Breaking the .XLSX Chains: Corporate Venture Supply Chain Software as the Potential Game-Changer
From 2018 to 2022, a whopping $55 billion of venture capital poured into supply chain technology. This mammoth investment spawned 27 ‘Unicorn’ companies. Yet, despite the relentless digitalization hype since the mid-2010s, the stronghold of Microsoft Excel remains unbroken. For around the 30th consecutive year, Excel reigns as the most-used Supply Chain Management tool. Multinational Corporations (MNCs) continue to rely on hefty .xlsx files to operate substantial segments of their supply chains. So, what became of this enormous capital injection? Where are the refined solutions that we were promised?
In the sphere of supply chain technology, particularly in LogTech, an ill-guided narrative emerged. This tale suggested that logistics service providers were severely outdated, and lacking in digitization and transparency. This provocative storyline attracted substantial funding, unfortunately often directed towards founder groups with scant logistics understanding. However, this narrative is fundamentally flawed.
Logistics service providers have consistently innovated, adapted, and remained at the forefront. They were never the problem. The real issue lies with the MNCs splurging millions on ERP projects, striving to shoehorn their unique supply chain configurations into an outdated, standardized tech set-up hailing from the 90s.
Trying to fit a dynamic, highly-customized supply chain into a one-size-fits-all tech mold is as futile as trying to squeeze a square peg into a round hole. It’s doomed to fail. The fallout from this mismatch is often thrown at logistics service providers to resolve, leading to disjointed processes managed by trusty .xlsx files.
So, where do we go from here? Is there a viable solution?
Yes, and it revolves around acknowledging that supply chain management is far from monolithic. What benefits one corporation may harm another, and what proves effective for one business unit could be detrimental to another. Technology needs to respect this diversity. The venture capital funding should be redirected towards developing adaptable, customizable solutions tailored to cater to a corporation’s specific needs, rather than merely aiming for rapid, unsustainable revenue generation at high churn rates.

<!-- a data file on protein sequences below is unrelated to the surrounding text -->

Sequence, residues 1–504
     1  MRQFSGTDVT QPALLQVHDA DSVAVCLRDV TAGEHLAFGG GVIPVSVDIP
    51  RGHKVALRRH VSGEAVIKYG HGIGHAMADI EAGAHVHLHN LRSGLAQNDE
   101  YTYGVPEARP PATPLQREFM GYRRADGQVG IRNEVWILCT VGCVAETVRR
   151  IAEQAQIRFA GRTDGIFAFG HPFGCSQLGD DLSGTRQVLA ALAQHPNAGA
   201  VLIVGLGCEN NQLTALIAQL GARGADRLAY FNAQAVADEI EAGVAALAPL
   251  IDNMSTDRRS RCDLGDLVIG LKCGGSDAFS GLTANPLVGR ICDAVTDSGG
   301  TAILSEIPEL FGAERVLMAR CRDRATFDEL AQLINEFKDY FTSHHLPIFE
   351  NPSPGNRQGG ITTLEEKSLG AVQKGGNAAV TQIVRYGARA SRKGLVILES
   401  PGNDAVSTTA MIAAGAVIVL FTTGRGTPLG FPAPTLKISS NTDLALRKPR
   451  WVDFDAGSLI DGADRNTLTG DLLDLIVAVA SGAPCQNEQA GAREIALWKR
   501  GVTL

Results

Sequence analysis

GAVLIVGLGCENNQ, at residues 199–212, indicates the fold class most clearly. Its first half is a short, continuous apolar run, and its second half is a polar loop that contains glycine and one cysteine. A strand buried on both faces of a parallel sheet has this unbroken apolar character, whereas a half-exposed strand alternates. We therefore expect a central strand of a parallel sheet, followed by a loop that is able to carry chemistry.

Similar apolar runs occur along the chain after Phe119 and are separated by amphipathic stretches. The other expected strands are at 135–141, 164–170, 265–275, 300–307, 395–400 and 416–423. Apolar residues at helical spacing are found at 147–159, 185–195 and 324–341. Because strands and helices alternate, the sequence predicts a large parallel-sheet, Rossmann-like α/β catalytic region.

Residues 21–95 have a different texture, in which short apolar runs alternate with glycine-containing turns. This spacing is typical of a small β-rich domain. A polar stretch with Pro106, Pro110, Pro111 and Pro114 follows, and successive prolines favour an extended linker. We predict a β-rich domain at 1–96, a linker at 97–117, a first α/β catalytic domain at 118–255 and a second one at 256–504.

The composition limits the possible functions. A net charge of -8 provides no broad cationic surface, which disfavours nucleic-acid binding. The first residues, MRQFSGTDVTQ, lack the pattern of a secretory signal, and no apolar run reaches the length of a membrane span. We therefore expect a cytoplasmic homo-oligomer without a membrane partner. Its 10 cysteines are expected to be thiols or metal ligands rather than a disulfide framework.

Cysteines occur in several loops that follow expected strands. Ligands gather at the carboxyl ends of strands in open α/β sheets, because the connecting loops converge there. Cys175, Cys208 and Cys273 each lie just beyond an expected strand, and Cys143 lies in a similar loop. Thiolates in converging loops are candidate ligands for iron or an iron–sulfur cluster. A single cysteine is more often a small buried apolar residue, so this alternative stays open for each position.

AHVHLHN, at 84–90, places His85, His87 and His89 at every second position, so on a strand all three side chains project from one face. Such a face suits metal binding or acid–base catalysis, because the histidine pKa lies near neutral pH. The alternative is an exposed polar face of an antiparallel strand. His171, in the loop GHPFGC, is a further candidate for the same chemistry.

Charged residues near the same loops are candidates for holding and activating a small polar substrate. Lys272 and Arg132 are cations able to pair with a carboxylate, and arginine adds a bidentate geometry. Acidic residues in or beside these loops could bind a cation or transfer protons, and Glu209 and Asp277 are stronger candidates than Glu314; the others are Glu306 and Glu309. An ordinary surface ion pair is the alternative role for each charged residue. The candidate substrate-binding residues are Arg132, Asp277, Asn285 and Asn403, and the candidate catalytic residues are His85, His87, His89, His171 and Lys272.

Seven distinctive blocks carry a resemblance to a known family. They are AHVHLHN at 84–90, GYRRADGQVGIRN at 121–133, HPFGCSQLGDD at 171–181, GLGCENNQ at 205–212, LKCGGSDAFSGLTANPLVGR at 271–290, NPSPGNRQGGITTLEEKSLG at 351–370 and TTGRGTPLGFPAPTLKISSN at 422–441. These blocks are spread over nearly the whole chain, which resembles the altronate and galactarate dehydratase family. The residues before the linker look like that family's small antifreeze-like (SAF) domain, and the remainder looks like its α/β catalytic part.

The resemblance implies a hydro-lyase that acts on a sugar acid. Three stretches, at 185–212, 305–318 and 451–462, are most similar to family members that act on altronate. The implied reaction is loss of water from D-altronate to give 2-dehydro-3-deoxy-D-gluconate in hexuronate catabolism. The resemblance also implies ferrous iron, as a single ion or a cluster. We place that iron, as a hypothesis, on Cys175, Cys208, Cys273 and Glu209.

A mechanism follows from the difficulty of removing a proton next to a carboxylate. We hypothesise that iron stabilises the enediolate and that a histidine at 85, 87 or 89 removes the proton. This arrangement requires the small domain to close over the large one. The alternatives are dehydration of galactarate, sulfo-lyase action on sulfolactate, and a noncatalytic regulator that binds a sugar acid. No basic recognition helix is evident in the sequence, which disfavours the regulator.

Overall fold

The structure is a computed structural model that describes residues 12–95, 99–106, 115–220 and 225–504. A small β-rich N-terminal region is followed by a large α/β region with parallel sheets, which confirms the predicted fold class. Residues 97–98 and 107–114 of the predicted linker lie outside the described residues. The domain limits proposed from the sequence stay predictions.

As we chart our course forward, we must understand that digitalization isn’t just a buzzword, but a path toward crafting more efficient, resilient, and customized supply chain solutions. In this context, Corporate Venturing emerges as a potential game-changer. Grounded in real-life experience, solving real-world problems: this approach of devising solutions to everyday challenges has given birth to some exciting products. Examples are no-code tailoring SCM platforms unifying scattered Supply Chain ecosystems, allowing for the customization of supply chain software without draining IT resources.
By championing solutions developed from hands-on experience and tailored to real-life scenarios, Corporate Venture Supply Chain Software companies can potentially break the chains of .xlsx, leading the way toward a more adaptable, effective, and digitized future for supply chain management.
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About the Author
Jonas Krumland, born in Oldenburg, Germany, completed a dual course of study at Leschaco, a globally-active freight forwarding company, where in different non-managerial and managerial positions, across various functions, he built his expertise in both the fundamentals and special niches of supply chain management. From 2014 to 2016 Jonas was a Key Account Manager and Business Development Manager and in 2016 he took over responsibility for Leschaco’s global digitization efforts as Head of Global Business Transformation. In 2018 he developed the idea and concept behind Logward, a company that combines supply chain expertise with software know-how to create a cloud platform that serves shippers and beneficial cargo owners. Since Logward’s foundation in April 2018, he is in charge as Chief Executive Officer.